Animated Allosaurus, an allosauroid
Allosauroidea is a clade subdivided into three families — the Sinraptoridae, Carcharodontosauridae and Allosauridae. The taxon was originally proposed by Currie and Zhao (1993; p. 2079), then noted as an undefined stem-based taxon by Sereno (1997). Later, Sereno (1998; p. 64) provided a stem-based definition for the Allosauroidea, defining the clade as "All neotetanurans closer to Allosaurus than to Neornithes." Most recently, Holtz et al. (2004; p. 100) defined the Allosauroidea as "Allosaurus fragilis, Sinraptor dongi, their most recent common ancestor, and all of its descendants."
The oldest-known allosauroid, Cryolophosaurus, appears in the Early Jurassic (Pliensbachian) of Antarctica, and the latest-known survivor of the clade is Allosaurus fragilis (Late Jurassic, Tithonian). Allosauroids have long, narrows skulls, large orbits, three-digit hands, and usually have "horns" or ornamental crests on their heads. The most famous and best understood allosauroid is the North American genus Allosaurus.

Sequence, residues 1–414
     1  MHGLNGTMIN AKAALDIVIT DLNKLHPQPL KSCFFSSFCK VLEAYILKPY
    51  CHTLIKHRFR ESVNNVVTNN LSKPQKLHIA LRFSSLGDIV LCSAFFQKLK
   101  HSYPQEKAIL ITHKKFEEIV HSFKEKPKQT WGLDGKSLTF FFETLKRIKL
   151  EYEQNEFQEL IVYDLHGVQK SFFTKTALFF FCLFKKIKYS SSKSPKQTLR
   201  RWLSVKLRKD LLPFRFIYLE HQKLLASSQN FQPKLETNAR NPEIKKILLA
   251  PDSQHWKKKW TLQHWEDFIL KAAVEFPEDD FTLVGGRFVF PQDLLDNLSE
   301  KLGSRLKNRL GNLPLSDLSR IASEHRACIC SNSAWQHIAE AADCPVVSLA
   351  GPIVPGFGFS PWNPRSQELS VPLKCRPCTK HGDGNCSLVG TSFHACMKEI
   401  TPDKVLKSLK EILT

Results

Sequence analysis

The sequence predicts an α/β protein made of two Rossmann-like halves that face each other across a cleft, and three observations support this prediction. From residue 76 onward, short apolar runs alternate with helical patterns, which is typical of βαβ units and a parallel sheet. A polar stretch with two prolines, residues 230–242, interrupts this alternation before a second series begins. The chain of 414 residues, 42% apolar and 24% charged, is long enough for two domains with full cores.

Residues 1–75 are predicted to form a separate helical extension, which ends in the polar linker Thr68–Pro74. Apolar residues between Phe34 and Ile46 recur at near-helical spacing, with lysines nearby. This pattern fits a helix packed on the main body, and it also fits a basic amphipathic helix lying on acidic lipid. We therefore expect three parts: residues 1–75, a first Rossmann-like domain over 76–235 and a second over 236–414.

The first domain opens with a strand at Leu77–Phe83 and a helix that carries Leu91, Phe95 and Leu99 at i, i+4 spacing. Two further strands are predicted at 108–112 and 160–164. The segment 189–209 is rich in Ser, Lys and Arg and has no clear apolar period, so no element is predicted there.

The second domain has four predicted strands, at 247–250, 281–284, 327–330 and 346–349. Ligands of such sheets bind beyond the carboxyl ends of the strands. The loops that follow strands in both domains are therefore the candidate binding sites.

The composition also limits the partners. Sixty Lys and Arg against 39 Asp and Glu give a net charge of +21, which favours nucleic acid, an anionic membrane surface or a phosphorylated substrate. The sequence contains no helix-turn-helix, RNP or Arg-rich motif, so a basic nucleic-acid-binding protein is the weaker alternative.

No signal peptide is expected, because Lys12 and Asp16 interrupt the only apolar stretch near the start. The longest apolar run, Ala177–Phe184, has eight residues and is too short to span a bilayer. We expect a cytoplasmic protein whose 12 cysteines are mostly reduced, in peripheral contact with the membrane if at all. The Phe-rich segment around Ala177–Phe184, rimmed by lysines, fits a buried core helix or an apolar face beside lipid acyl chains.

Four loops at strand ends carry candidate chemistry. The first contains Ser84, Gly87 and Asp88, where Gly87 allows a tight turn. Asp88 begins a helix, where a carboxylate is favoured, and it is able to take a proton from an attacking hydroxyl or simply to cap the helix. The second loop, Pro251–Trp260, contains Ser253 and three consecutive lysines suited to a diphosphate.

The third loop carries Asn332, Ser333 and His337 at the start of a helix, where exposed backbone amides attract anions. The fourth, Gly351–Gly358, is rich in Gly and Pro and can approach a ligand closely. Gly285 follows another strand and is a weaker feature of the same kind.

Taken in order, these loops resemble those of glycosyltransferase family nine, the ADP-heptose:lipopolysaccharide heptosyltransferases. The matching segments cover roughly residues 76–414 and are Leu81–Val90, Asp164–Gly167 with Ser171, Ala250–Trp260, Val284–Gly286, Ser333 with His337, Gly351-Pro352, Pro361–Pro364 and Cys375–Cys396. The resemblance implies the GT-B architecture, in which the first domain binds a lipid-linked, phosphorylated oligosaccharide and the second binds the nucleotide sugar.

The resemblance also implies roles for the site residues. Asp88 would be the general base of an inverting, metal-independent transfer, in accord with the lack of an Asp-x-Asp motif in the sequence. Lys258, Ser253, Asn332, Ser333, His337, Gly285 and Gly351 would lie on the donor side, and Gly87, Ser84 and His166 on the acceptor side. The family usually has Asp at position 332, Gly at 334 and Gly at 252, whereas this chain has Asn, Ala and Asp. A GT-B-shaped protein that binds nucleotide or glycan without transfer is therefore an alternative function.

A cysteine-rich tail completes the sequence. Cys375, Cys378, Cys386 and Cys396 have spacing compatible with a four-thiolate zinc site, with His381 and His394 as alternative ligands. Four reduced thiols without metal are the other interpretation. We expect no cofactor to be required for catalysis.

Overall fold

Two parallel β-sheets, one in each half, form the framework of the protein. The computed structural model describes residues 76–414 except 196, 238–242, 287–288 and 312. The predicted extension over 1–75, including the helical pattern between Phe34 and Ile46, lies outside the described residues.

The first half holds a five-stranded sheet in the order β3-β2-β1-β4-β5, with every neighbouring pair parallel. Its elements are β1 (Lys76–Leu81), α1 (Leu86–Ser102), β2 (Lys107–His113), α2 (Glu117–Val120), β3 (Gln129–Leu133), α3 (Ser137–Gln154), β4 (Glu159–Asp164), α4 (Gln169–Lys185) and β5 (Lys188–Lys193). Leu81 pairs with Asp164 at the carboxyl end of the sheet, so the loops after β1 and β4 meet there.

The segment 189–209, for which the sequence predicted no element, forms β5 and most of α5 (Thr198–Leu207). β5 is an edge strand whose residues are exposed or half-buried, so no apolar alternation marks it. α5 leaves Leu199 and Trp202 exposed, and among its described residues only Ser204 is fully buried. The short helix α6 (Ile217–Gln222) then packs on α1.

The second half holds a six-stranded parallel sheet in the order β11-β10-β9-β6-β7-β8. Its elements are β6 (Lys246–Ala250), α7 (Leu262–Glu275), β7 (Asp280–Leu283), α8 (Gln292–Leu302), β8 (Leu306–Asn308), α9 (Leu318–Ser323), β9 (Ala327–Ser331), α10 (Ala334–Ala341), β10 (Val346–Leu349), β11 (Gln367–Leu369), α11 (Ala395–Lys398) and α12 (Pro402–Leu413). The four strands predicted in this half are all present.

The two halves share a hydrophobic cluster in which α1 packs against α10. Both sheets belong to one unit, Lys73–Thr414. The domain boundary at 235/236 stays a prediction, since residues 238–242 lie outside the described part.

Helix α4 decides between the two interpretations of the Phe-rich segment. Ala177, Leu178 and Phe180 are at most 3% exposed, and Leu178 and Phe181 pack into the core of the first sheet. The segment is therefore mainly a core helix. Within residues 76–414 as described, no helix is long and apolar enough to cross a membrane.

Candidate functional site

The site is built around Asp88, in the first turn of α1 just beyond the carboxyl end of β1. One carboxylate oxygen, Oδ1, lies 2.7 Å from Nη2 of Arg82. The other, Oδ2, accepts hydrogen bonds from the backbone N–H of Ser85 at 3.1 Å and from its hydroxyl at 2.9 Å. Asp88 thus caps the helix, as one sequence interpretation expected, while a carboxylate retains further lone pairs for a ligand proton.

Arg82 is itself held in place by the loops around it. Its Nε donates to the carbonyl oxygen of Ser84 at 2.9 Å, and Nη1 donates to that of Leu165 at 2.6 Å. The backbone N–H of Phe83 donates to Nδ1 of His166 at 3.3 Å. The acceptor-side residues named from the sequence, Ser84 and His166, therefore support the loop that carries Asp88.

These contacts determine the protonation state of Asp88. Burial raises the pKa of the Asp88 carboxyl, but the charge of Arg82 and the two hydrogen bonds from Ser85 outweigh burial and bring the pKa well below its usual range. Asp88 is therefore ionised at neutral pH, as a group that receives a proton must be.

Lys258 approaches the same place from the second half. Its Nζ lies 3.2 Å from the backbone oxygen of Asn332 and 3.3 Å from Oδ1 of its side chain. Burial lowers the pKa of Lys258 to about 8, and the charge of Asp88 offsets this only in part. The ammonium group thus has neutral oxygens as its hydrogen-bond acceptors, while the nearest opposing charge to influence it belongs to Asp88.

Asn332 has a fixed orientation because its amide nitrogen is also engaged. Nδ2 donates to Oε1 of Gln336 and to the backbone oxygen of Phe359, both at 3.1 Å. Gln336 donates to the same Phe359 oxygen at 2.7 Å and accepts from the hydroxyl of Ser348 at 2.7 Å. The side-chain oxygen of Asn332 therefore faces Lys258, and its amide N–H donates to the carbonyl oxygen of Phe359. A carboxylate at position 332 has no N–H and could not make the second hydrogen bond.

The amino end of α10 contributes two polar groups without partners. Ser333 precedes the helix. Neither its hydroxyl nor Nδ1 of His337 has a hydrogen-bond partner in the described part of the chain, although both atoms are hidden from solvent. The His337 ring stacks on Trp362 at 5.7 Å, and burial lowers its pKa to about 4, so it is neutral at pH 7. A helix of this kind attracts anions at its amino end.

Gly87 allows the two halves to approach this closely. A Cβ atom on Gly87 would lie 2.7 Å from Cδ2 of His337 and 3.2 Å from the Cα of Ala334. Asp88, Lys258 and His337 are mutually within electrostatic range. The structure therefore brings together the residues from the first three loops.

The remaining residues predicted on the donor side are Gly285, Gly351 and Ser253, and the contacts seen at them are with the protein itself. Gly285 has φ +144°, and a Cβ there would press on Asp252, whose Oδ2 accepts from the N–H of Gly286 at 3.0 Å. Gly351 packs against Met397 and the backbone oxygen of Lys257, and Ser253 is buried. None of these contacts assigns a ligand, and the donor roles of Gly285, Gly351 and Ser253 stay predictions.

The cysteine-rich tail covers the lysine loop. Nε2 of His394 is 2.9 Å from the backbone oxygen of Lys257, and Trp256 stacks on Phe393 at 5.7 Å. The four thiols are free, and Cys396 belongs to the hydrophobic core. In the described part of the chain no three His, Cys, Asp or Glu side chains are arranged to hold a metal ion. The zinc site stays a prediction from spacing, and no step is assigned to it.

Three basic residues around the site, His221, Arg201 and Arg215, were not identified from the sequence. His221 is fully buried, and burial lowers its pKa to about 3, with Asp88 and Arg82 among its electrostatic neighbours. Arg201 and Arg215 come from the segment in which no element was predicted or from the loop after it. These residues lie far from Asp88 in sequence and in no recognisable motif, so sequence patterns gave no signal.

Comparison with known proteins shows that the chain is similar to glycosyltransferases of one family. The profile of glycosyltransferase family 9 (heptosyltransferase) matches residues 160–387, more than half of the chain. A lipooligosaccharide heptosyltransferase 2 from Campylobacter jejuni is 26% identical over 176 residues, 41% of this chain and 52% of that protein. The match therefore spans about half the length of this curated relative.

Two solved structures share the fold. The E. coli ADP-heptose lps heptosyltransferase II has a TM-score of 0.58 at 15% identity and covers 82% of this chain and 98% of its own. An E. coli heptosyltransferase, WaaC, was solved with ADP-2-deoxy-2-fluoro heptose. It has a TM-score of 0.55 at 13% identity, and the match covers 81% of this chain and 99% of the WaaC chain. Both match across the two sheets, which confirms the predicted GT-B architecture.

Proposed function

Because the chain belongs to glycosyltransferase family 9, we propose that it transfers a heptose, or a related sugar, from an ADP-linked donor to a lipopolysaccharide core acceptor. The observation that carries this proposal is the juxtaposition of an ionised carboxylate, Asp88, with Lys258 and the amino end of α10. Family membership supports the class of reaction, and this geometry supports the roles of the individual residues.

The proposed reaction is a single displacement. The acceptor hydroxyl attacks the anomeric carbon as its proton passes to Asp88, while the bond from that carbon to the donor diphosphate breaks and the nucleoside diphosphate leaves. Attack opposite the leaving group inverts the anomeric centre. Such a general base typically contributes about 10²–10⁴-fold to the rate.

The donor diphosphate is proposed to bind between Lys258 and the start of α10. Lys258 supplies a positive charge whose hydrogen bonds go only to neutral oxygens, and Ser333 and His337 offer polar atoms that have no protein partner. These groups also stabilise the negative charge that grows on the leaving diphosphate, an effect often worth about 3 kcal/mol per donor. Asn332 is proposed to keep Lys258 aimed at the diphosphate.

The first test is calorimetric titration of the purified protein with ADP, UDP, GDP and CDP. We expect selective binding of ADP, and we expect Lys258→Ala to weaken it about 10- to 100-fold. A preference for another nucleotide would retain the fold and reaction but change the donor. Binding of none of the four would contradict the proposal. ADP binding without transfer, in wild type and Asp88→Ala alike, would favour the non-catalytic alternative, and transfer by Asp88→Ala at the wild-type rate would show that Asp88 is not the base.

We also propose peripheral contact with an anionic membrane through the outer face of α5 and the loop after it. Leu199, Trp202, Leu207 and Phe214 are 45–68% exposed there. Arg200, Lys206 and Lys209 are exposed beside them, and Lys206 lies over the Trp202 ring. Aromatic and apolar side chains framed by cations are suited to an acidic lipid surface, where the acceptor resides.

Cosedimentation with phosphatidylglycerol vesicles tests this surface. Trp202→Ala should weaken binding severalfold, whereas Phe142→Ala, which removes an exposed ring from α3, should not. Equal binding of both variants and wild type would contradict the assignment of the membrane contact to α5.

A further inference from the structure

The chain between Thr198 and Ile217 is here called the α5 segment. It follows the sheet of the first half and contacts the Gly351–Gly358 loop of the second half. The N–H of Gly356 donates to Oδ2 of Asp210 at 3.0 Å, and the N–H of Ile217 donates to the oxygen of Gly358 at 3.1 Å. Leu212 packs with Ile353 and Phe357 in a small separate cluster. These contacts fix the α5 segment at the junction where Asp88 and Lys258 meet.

- Currie, P. J., and X. Zhao. 1993. A new carnosaur (Dinosauria, Theropoda) from the Upper Jurassic of Xinjiang, People's Republic of China. Canadian Journal of Earth Sciences 30:2037-2081.
- Holtz, T. R., Jr. and Osmólska H. 2004. Saurischia; pp. 21-24 in D. B. Weishampel, P. Dodson, and H. Osmólska (eds.), The Dinosauria (2nd ed.), University of California Press, Berkeley.
- Sereno, P. C. 1997. The origin and evolution of dinosaurs. Annual Review of Earth and Planetary Sciences 25:435-489.
- Sereno, P. C. 1998. A rationale for phylogenetic definitions, with application to the higher-level taxonomy of Dinosauria. Neues Jahrbuch für Geologie und Paläontologie Abhandlungen 210:41-83.
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